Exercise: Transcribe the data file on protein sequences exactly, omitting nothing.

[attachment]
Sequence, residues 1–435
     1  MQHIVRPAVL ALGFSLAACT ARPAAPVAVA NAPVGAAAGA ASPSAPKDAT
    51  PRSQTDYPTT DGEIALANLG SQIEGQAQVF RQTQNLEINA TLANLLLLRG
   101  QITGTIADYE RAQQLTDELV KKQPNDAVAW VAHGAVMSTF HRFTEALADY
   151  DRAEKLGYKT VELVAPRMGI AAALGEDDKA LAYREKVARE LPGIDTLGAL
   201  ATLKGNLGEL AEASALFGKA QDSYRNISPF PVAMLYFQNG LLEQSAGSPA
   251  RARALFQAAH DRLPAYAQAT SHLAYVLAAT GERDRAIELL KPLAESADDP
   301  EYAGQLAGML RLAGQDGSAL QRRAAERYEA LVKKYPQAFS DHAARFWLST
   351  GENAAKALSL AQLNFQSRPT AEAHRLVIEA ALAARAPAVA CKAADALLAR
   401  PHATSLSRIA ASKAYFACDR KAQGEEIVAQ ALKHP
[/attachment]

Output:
Sequence, residues 1–435
     1  MQHIVRPAVL ALGFSLAACT ARPAAPVAVA NAPVGAAAGA ASPSAPKDAT
    51  PRSQTDYPTT DGEIALANLG SQIEGQAQVF RQTQNLEINA TLANLLLLRG
   101  QITGTIADYE RAQQLTDELV KKQPNDAVAW VAHGAVMSTF HRFTEALADY
   151  DRAEKLGYKT VELVAPRMGI AAALGEDDKA LAYREKVARE LPGIDTLGAL
   201  ATLKGNLGEL AEASALFGKA QDSYRNISPF PVAMLYFQNG LLEQSAGSPA
   251  RARALFQAAH DRLPAYAQAT SHLAYVLAAT GERDRAIELL KPLAESADDP
   301  EYAGQLAGML RLAGQDGSAL QRRAAERYEA LVKKYPQAFS DHAARFWLST
   351  GENAAKALSL AQLNFQSRPT AEAHRLVIEA ALAARAPAVA CKAADALLAR
   401  PHATSLSRIA ASKAYFACDR KAQGEEIVAQ ALKHP